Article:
The global health pandemic threatening everybody has certainly brought new challenges to life everywhere, but the threat of this plague is only the most recent factor in the pressure building toward a major cataclysm. At least, that’s the way it feels for many of us right now. When you combine the pandemic with the threats of political instability, climate change, economic depression, and natural disasters around the world, the guy holding the cardboard sign and preaching “doom” on the street corner suddenly seems a little less crazy.
Many of my friends and acquaintances have expressed their own personal growing anxiety and depression over the possibility of a doomed world, or at least a doomed generation. Many of them feel powerless to control their own futures. While I might be able to recognize that sense of social and political impotence, it hasn’t seemed to build its way into my particular cocktail of mental illnesses. My mom always said, “you control the colour of the sky in your world,” so while all of us continue to struggle to affect the course of history for the better, this article might at least be able to relieve the dread hanging over some of us like an elephant from a ceiling fan. The premise is simple. An apocalyptic event isn’t something to be afraid of, it’s something to take advantage of. Many of us have already started to do so without even knowing it.
I’m not about to recommend that you start raiding and looting as soon as California sinks below the waves. Apocalyptic human barbarism is the last thing I want to advocate for and if that’s what you’re looking for then there’s a plethora of post-apocalyptic literature to satisfy any misanthropic and pessimistic reader. For many of us, the current quarantine has led to the learning of new skills and hobbies, many that will be particularly useful for those of us living in the end-times. That’s the opportunity that doom presents for us.
Many of my friends have also taken up gardening this year, which is a hobby that provides its own obvious benefits, even in the present days of mounting cataclysm. The difference in taste between a store-bought tomato and a home-grown tomato is undeniable. Gardening has also proven to be a great outlet for anxiety (according to some of the grimmer fatalists among my friends), and I believe that in the days that follow Ragnarök these budding cultivators will grow and thrive. Some of us already experienced the minor effects of a brief disruption in the global supply chain this year. I like to believe that somewhere out there somebody is sleeping soundly each night on a thick mattress of bathroom tissue, but toilet paper shortages would only be the beginning of trouble in a true catastrophe. A significant enough global debacle could permanently disrupt the global supply chains. When we can no longer get peppers and tomatoes from California, or fruits from B.C., it will be the gardeners that rise to feed their communities. The greatest badge of honour in the post-apocalyptic world will be a green thumb, assuming that the soil is still fertile.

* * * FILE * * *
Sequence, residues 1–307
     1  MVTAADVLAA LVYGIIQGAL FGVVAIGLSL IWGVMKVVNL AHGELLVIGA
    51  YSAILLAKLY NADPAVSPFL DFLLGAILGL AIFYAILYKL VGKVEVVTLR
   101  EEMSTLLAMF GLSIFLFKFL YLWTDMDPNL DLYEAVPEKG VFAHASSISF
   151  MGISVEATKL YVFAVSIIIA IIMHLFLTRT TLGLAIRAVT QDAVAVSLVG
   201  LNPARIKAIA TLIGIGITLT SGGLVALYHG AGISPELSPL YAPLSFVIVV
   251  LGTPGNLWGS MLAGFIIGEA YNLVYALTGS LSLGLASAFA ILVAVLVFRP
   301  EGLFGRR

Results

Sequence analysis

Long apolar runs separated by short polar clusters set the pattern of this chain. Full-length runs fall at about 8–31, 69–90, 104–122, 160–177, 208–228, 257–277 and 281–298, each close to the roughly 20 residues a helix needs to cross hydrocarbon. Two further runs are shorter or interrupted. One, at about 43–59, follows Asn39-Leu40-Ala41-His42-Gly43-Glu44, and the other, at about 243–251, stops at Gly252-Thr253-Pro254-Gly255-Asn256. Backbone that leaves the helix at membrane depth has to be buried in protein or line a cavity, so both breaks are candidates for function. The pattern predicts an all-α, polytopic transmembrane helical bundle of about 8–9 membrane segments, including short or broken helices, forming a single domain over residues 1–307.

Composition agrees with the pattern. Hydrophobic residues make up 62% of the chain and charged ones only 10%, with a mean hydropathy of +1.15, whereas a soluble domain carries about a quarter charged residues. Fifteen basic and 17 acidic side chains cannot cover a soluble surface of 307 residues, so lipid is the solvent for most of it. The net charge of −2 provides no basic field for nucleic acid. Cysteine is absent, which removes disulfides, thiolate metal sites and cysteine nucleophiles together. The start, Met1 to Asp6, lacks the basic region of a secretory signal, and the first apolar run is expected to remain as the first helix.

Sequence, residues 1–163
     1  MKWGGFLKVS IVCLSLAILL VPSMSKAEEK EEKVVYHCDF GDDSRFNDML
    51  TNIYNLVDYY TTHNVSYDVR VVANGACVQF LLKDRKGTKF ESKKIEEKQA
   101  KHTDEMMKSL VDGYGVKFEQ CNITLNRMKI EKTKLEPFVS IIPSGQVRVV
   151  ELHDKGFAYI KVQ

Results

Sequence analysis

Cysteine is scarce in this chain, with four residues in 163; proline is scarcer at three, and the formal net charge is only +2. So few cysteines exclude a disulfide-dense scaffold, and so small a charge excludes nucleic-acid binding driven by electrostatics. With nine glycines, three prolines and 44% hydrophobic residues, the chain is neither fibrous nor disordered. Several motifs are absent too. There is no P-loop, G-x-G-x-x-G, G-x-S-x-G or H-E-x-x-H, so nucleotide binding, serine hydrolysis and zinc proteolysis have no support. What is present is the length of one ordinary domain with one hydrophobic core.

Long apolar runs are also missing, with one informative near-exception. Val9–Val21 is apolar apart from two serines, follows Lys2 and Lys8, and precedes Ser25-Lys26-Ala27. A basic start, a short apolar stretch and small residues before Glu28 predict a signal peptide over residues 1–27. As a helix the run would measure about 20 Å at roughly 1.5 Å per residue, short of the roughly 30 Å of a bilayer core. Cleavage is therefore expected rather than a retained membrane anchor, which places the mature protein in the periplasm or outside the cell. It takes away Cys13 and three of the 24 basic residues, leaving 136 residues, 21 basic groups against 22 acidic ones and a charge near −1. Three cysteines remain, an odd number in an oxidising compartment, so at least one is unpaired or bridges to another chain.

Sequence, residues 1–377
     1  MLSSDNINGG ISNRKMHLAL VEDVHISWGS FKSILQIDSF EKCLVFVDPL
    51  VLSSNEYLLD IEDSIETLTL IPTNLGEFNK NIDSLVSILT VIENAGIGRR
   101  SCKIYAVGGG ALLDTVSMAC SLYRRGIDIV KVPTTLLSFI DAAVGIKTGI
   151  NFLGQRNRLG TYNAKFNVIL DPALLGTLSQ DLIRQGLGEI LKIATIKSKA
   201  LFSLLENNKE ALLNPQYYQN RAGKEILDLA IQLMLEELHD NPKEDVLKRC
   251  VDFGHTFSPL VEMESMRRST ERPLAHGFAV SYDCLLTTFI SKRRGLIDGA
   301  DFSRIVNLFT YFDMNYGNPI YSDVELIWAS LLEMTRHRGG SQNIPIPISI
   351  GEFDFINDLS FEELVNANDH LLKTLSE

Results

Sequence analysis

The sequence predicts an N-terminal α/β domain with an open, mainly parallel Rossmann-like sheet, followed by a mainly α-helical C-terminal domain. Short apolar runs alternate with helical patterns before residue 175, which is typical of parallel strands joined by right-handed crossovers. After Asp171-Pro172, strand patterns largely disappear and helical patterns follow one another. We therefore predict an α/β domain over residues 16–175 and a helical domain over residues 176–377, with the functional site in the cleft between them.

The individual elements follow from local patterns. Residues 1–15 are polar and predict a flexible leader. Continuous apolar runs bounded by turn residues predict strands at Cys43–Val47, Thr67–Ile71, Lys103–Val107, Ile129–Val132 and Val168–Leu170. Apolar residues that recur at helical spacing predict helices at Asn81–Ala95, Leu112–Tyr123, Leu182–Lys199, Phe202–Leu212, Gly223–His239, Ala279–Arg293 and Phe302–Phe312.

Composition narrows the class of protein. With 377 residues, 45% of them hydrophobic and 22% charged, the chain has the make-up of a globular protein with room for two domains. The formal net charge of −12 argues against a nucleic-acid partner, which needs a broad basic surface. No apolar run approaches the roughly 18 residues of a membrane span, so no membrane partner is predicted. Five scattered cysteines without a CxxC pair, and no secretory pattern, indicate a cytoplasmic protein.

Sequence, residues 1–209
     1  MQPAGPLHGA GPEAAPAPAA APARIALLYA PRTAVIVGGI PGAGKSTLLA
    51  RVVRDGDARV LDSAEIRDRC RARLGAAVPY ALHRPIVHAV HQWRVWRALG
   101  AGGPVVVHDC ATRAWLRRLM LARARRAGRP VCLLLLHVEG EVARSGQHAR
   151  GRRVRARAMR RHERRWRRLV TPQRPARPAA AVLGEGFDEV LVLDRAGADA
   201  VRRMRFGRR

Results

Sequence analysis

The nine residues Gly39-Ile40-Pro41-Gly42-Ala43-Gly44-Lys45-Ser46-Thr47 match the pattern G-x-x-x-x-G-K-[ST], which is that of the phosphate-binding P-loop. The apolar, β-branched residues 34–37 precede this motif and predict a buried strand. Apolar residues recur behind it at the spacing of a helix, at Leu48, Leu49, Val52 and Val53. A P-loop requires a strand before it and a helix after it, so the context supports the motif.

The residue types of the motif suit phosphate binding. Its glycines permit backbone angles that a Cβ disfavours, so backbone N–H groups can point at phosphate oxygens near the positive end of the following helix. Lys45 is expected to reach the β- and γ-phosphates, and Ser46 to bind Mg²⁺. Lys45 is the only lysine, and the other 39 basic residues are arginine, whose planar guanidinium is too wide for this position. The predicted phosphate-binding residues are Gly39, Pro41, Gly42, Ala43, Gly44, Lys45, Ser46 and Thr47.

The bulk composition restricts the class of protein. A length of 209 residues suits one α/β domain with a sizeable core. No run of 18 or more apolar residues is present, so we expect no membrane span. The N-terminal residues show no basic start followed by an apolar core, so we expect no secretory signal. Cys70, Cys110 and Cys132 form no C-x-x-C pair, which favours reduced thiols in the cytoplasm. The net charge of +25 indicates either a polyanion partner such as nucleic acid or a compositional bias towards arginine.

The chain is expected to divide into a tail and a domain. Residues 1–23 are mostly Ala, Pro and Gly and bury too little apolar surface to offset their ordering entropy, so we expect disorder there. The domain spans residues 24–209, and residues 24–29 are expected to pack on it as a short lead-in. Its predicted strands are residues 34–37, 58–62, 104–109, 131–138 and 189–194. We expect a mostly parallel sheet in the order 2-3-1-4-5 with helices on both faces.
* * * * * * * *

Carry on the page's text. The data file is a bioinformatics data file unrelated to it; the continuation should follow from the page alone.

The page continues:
Those are just two examples of the many skills people are building now that will aid them in their attempts to survive underneath the grey skies of the post-apocalypse. If you’re feeling helpless about the apocalypse today, try a hobby that can help you in a distant tomorrow. If you’re worried about rising sea levels, maybe take up diving, unless, like myself, you have asthma and are thus barred from obtaining a diving license. In which case, maybe move further inland.